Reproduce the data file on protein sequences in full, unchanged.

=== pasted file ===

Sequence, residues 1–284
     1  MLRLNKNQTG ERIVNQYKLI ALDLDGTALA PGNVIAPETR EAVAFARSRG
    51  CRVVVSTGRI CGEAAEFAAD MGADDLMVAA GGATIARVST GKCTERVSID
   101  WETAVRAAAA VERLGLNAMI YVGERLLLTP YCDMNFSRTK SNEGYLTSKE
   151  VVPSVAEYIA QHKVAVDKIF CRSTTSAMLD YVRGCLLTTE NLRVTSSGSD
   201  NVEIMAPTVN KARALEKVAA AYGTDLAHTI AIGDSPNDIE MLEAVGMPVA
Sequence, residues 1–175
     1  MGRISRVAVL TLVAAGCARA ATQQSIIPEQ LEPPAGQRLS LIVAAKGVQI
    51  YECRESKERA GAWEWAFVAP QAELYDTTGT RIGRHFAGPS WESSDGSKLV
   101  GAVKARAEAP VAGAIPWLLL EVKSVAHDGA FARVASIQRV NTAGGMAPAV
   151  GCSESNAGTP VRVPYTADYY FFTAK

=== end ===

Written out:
Sequence, residues 1–284
     1  MLRLNKNQTG ERIVNQYKLI ALDLDGTALA PGNVIAPETR EAVAFARSRG
    51  CRVVVSTGRI CGEAAEFAAD MGADDLMVAA GGATIARVST GKCTERVSID
   101  WETAVRAAAA VERLGLNAMI YVGERLLLTP YCDMNFSRTK SNEGYLTSKE
   151  VVPSVAEYIA QHKVAVDKIF CRSTTSAMLD YVRGCLLTTE NLRVTSSGSD
   201  NVEIMAPTVN KARALEKVAA AYGTDLAHTI AIGDSPNDIE MLEAVGMPVA
Sequence, residues 1–175
     1  MGRISRVAVL TLVAAGCARA ATQQSIIPEQ LEPPAGQRLS LIVAAKGVQI
    51  YECRESKERA GAWEWAFVAP QAELYDTTGT RIGRHFAGPS WESSDGSKLV
   101  GAVKARAEAP VAGAIPWLLL EVKSVAHDGA FARVASIQRV NTAGGMAPAV
   151  GCSESNAGTP VRVPYTADYY FFTAK